Monty Python’s “Galaxy Song” and Life on Other Planets

Our galaxy, the Milky Way, at an angle
Photo by Graham Holtshausen on Unsplash

I’ve been memorizing songs during lockdown. First up, Monty Python’s “Galaxy Song” with lyrics by my idol, Eric Idle.

Why start with that one? I’ve always loved space, and wanted to be an astronaut when I was a kid, but I’ve been wearing coke-bottle glasses since age 8, so that idea was a nonstarter. But I kept my love for space alive by being an avid science fiction reader all my life, also hoping to write a great space opera someday.

My favorite space opera is Babylon 5, a fantastic five-year story arc about a space station with numerous aliens coexisting more or less peacefully because the station was neutral territory. I loved the different political stances of the aliens and all the social manipulating and alliances and betrayals. But it’s all just a great yarn, because that will never happen, at least for humans.

The Galaxy Song is all about the distances of space: “our galaxy itself contains a hundred billion stars,” “we’re 30,000 light years from Galactic Central Point,” “[our galaxy] bulges in the middle, 16 thousand light years thick, but out by us it’s just 3,000 light years wide.”

For a long time, people have been trying to figure out why we haven’t seen signs of any other beings in space. There’s a famous equation for trying to calculate if there are intelligent civilizations elsewhere in our galaxy, called the Drake equation. It starts off with the number of stars, divided by the possible number of stars with planets, divided by the possible number of planets with life (which means basically single-celled pond scum), divided by the possible number of planets with intelligent life, divided by the possible number of instances where intelligent life has created civilizations. That’s a simplification of course, and there are lots of variables, but running the calculations you get a low-end answer of 5, and a high-end answer of around 50,000 possible alien civilizations.

The problem with meeting any of them is time and distance. Our closest neighbors are three stars in the Alpha Centauri cluster, 4.3 light years from here. One of them has six exoplanets, and one of those planets, Proxima Centauri B, is of similar size to earth, so, hey, let’s go!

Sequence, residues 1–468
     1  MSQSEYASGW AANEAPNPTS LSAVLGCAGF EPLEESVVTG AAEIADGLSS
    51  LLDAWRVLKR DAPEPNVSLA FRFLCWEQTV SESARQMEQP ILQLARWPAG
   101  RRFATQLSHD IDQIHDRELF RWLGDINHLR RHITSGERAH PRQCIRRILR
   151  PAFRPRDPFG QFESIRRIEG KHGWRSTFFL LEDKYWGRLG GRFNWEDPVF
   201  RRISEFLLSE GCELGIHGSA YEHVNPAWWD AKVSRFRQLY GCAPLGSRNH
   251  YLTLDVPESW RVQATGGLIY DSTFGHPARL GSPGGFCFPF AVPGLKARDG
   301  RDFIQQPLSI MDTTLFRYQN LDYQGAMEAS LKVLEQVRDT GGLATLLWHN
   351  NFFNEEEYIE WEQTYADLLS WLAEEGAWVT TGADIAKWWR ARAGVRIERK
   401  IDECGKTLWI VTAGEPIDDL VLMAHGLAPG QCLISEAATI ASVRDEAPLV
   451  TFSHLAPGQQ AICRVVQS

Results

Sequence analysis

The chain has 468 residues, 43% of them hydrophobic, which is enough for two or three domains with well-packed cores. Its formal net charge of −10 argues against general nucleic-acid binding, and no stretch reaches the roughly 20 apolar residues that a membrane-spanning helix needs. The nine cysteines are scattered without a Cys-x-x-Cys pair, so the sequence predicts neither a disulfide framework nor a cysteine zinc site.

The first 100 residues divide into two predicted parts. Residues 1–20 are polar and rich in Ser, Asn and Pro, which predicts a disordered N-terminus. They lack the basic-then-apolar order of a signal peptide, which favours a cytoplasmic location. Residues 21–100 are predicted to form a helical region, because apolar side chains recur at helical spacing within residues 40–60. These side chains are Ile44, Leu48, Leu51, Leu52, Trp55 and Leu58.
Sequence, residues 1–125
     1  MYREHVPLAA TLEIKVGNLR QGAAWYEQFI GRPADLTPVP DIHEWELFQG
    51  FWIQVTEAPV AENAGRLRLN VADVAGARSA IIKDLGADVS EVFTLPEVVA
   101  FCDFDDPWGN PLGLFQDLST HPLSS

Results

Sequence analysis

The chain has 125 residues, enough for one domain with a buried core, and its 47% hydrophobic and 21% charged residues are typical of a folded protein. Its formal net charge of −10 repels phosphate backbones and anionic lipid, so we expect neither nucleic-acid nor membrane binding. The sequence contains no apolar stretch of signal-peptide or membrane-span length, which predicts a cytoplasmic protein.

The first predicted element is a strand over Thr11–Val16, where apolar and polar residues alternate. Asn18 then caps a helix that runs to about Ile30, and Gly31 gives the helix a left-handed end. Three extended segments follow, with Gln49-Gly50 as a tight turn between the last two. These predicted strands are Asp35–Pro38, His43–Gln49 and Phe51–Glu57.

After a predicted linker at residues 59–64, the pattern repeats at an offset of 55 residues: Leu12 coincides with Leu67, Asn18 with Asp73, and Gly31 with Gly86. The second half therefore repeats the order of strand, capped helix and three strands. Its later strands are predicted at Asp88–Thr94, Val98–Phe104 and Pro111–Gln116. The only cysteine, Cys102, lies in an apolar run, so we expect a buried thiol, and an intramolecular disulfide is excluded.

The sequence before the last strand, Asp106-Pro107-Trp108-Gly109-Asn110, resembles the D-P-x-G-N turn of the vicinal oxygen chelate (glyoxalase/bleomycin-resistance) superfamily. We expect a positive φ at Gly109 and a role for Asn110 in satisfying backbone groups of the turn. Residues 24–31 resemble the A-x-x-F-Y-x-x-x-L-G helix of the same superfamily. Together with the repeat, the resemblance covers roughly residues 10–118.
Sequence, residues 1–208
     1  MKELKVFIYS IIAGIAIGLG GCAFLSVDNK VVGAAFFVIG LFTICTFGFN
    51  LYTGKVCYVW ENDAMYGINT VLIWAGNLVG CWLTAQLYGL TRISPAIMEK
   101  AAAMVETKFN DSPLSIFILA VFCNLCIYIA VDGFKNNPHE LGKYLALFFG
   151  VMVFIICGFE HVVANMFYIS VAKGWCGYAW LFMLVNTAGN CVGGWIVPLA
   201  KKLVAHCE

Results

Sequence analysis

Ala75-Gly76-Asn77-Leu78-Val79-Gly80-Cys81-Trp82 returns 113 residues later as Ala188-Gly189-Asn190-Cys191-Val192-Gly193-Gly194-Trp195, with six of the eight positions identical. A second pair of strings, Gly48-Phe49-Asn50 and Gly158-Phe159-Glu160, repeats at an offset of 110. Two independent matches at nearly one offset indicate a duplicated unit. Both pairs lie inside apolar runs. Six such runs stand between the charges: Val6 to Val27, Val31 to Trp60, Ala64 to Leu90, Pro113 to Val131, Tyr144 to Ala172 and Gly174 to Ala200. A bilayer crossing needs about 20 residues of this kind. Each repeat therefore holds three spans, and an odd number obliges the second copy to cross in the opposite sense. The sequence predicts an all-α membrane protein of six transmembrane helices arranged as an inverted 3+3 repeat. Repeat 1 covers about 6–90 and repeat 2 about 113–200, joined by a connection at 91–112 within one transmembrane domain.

But wait a second, even if we could travel at 1% of the speed of light, it would still take us 400 years, and we can’t even do one-tenth of one percent yet. What’s the fastest speed our spaceships have achieved so far? Scientific American showed me that NASA’s Solar Probe Plus will hit about 200 km/second or 450,000 miles/hr when it goes around the sun, which is 0.067% of the speed of light, and remember that was an unmanned probe. Yeah, at that speed we could go from the earth to the moon in half an hour, but we’d be squashed pancakes when we got there.

Let’s go on the space shuttle instead, which can travel at 5 miles a second, or 37,200 years to go one light year. So that would be 159,960 years to Alpha Centauri. And that’s our nearest neighbor.

Another problem with meeting other civilizations is not just time spent travelling, but also the history of time. We’re out in the sticks, on an outer spiral arm of our galaxy, and our sun is just under 5 billion years old, about the same age as the stars in the Alpha Centauri cluster. A star of our type will live about 10 billion years, so our star is middle aged.

Most of the stars at the center of our galaxy are around 10 billion years old. They’re old stars. If planets orbiting stars like ours are typically best for life while their stars are in middle age, then for the planets orbiting the stars at the center of our galaxy (and that’s the majority of stars in our galaxy), life has already come and gone.

Civilizations are of much shorter duration than planetary life. If you include the Byzantine Empire, the Roman Empire lasted about 1800 years long, and that’s the longest in our human history. We’ve only had civilization for aroundt 6,000 years altogether. So what is that? Ten-thousandth of a percent of the life of our planet?

How do you find civilization on another planet when civilizations are so short? Even if 50,000 civilizations all appeared at the same time, think how hard it would be to find one if you have to check one hundred billion stars to find them (that’s one civilization for every twenty million stars). Just to give you an idea, if you gave 475 people anywhere in the world a flashlight (about one in twenty million), told them to point it at the sky for 90 seconds (about one-thousandth of our day), and then asked some random person in a small two-seater airplane to go look for a flashlight, you’d still have far more than 10 times better chance of finding a flashlight than of finding a planet with a living civilization on it. Just because the pilot can’t find one doesn’t mean they’re not out there, it’s just a vanishingly small chance you’d ever find one.

So, yeah, it’s highly likely that other civilized life forms exist or existed on some other planet in our galaxy. But we’re never going to meet.

Never mind, I’m still going to write my space opera, and there will be LOTS of cool aliens in it.

picture of a grinning alien drawn with a flashlight at dusk
Photo by 🐣 Luca Iaconelli 🦊 on Unsplash

Quirky travelling tale spinner, science lover & tree hugger. An optimist viewing the world with wonder, curiosity & awe. “This moment is all there is.” (Rumi)